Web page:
Rethinking the Zimbabwe International Book Fair

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Features Writer
ONE of the dominant conversations, especially over recent years, has been around the future of the Zimbabwe International Book Fair (ZIBF).
The advent of the Covid-19 pandemic coupled with a fire that gutted one of the main gazebo structures of the Book Fair in the Harare Gardens in June last year compounded uncertainty over the event.
Launched in 1983, the Zimbabwe International Book Fair was established, among other objectives, to create a platform for selling books, buying publishing, translation and distribution rights, promote intercultural exchange in the field of literature on an international level, and scout for African literary talent.
While the world is coming to terms with the reality of, and learning to live with the pandemic, work on reconstructing the gazebo is still to start.
However, part of the answer to the fate of the Book Fair, came in the lessons from last month’s (March) Bologna Book Fair in Italy, which attracted 30 456 people from all over the world, proving there is scope for developing African reading culture beyond the classroom.
Zimbabwean poet, singer, songwriter, storyteller and writer, Chirikure Chirikure was among the participants at the Bologna Book Fair at the invitation of the International Publishers’ Association (IPA).
Chirikure was participating as a representative of the Nemashakwe Community Library and Information Resource Centre, a project he is spearheading in Gutu rural area. The centre is a community empowerment project basing on books, computers, borehole for water and solar system to power the centre in order to serve the community better.
The centre is training school leavers to run and manage the rural library scheme.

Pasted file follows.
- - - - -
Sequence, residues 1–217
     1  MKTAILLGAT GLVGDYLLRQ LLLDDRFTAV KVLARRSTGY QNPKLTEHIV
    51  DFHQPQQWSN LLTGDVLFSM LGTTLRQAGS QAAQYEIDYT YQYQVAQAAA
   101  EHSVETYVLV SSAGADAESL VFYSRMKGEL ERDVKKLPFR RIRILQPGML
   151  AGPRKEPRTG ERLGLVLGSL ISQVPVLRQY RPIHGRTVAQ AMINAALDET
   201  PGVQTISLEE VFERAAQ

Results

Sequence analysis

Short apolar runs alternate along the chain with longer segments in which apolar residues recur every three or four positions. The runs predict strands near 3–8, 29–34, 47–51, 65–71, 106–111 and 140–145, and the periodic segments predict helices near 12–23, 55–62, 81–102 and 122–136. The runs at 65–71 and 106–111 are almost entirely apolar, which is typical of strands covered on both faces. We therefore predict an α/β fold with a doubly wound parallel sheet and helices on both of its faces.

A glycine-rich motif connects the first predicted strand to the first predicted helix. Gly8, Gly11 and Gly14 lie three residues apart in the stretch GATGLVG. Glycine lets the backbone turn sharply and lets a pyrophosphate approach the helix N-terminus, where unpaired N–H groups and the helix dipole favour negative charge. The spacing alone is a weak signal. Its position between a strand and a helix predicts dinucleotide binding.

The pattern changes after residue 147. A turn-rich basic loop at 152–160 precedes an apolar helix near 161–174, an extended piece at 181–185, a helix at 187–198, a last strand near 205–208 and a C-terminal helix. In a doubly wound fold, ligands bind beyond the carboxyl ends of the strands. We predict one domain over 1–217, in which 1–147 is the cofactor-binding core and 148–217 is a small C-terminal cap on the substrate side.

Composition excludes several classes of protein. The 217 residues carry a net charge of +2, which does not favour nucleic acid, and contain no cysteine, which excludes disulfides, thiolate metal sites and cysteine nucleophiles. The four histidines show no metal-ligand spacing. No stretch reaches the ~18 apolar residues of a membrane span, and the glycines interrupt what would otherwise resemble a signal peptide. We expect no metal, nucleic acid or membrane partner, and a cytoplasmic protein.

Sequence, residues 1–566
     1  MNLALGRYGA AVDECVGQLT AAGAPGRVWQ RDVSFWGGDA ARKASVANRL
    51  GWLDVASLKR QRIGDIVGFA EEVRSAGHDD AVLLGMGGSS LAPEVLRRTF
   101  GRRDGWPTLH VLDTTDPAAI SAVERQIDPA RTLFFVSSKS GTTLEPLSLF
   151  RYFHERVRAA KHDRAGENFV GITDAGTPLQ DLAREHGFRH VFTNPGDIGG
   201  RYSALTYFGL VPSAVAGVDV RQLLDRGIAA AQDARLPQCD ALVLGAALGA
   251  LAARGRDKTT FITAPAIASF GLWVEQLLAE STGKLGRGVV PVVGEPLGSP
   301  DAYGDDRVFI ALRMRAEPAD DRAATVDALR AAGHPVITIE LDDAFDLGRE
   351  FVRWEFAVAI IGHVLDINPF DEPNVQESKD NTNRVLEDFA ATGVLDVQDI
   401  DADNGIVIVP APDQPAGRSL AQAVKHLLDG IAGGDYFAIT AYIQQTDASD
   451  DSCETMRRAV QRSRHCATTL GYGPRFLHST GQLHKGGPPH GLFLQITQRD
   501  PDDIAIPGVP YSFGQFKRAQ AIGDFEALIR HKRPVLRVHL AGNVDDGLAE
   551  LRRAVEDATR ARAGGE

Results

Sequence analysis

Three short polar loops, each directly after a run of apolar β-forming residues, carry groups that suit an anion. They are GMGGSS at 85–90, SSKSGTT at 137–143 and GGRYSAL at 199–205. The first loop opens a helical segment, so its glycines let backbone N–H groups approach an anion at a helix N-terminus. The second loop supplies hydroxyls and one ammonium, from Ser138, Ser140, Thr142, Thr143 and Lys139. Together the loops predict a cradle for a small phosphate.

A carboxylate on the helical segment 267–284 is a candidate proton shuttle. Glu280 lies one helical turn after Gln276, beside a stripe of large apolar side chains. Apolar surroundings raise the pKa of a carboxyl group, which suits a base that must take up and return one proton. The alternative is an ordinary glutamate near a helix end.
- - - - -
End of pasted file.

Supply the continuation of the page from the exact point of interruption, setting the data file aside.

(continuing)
Among the emerging lessons from the Bologna Book Fair is that book fairs are very much alive and that Africa is “an extraordinary reservoir of potential new readers, ideas and creativity in the publishing industry, in particular for children and young people”.
Earlier, the 40th edition of Sharjah International Book Fair (SIBF) had proved a runaway success, attracting top authors, leading celebrities, and publishers and book-lovers from around the world. SIBF 2021 became the largest book fair held this year anywhere in the world, in terms of buying and selling of rights and hosting the largest number of publishers and literary agents networking in one place.
Chirikure and the chair of the Zimbabwe Book Publishers’ Association, Masimba Madondo, attended the SIBF.
However, the Bologna Book Fair had a special focus on Africa and 22 African countries and 43 industry professionals from the continent participated.
The spotlight on Africa programme was developed in partnership with the International Publishers’ Association (IPA), which manages the Africa Publishing Innovation Fund, and with the support and collaboration of the Italian Trade Agency and the Italian Ministry of Foreign Affairs International Co-operation.
The exhibition area dedicated to Africa brought together publishing houses from the continent, together with a series of panel discussions dedicated to the African publishing scene and reading culture.
Alongside the panel discussions was an exhibition of selected books published recently by African publishers – dubbed the Africa Books Showcase, which presented the best of African publishing to the international publishing community.
Describing the site of the Bologna Book Fair as “massive”, Chirikure said the primary focus was business, where appointments are made well in advance, people are negotiating rights, showcasing their books securing translation rights and agreements on publishing were signed.
“The first two days are strictly for business, with publishers selling rights. Each hall has discussion corners for translators, illustrators, authors made up of up to 50 people,” he explained.
“I had people trying to follow up on the situation in Zimbabwe, but the greatest take-away for Zimbabwe was to get back to the original concept of the Zimbabwe International Book Fair, which was to have a trade fair of books, where the first few days were set aside for business, buying rights for publishing and distribution.”
Chirikure believes the demise of other book fairs in the region make it imperative for stakeholders in Zimbabwe to get together and brainstorm on the future of the Zimbabwe International Book Fair in order to breathe new life into the once vibrant event.

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